I had a great feeling about this, everything should be only on 1 screen! I had decided the motivational app would work by notifications when and what time the user requires it if need be there would be a ‘motivation button’ to press for instant motivation!
So, I had collated the user research, understood my users interests and what problems she faces through the interviewing processes, after another meeting conducted a ‘User Flow’ to get to grips with what she is experiencing and when she most needs motivation in order to assist her going out to do a physical activity after work. The app would need to be set up by the user, and it would work via notifications sending the user motivational support at days and times she needs.
First team feedback
It was time for a quick presentation about my findings with my classmates, thinking I had gone through all scenarios and had created something intuitive that would fit the users needs perfectly… (How wrong was I?)
After I went through the project with all my research and findings, we had a critique session which I was very much looking forward to… The kind of feedback I received was constructive and it really helped me see the application I had so far designed with fresh pair of eyes! What was said?
The app so far was great but there was so much more it could do…
· On one of your interviews, Martina said she was competitive with her friends?
· Yes, she is competitive!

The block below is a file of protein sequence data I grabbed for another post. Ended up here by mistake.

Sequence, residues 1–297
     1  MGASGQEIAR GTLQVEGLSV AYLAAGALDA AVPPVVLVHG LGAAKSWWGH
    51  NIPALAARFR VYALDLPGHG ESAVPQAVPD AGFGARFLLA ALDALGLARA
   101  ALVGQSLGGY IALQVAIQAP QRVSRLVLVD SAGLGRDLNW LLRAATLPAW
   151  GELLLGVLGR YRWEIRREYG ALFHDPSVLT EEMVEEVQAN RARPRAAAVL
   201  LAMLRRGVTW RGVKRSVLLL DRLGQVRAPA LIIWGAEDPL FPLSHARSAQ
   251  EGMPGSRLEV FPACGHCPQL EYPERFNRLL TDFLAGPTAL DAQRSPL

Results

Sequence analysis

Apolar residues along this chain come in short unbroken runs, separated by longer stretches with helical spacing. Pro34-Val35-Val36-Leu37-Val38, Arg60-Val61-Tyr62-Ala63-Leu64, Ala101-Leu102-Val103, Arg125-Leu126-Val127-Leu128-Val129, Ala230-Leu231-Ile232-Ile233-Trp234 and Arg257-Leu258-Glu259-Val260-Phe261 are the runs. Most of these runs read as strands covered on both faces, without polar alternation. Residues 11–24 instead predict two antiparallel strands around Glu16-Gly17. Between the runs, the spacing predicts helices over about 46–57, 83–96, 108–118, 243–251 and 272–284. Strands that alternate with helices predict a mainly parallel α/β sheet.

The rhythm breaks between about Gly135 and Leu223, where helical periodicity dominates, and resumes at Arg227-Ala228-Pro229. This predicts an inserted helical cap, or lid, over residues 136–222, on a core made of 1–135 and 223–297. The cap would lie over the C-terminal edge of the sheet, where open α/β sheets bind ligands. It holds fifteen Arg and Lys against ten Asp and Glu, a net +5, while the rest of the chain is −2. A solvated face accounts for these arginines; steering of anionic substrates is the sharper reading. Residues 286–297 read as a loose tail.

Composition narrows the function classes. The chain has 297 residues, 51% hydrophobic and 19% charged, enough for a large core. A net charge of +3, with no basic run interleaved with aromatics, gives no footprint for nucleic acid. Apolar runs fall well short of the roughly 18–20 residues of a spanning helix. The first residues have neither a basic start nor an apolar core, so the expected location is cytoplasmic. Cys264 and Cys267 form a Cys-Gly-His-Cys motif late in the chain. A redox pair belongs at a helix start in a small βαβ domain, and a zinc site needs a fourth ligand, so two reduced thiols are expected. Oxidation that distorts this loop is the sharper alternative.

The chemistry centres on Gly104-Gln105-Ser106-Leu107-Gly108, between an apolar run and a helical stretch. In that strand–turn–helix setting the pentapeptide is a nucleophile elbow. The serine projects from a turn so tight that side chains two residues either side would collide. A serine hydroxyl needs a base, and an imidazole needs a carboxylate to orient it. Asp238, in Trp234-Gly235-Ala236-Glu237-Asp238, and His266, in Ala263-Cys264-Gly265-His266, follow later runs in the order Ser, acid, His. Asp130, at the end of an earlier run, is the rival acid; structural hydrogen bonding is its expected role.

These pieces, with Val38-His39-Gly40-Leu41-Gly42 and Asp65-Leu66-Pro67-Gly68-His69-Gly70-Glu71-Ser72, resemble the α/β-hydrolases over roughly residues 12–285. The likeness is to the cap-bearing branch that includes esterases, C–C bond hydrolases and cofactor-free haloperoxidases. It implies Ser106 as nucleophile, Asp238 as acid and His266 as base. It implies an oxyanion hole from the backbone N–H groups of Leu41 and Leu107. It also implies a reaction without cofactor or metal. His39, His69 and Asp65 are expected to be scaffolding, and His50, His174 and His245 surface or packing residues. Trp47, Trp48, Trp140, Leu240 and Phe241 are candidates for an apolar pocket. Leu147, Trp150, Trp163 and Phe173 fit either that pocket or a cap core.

· Why did you not include this on your app?
· That’s a very good point and I did not think it was worth pursuing, given that her problem was the motivation itself.
· What about Gamification, have you thought about that?
· What is gamification?
After some research and its processes, I could also include this within the application. Why didn’t I think of this and use the data deeper she had already provided? I was blinded with what solved the problem that I missed this aspect completely.
· This could be a game! What better way to motivate?
· You can add challenges
· Friends can compete against each other
· There could be badges awarded to your circle of friends that had this app…
All very constructive feedback and I took it on-board and excited too!
Reiteration of the User flow
User flow 2 explained:
· Home screen
· Slide 1: Motivational quote 1 — Easy
· Slide 2: Motivational quote 2 — Medium
· Slide 3: Motivational quote 3 — Strong
· Screen with: Join and Enter Account details
· Fill screen with some personal info
· Tell about yourself
· Birthday (Special motivation or award on your birthday)
· Create an Account
· Motivation setup
· Fail days
· Friends achievements
· Share achievements/Awards with friends
· Motivation setup
· Screen with:
· Enter Activity — Type in your activity (Max 10)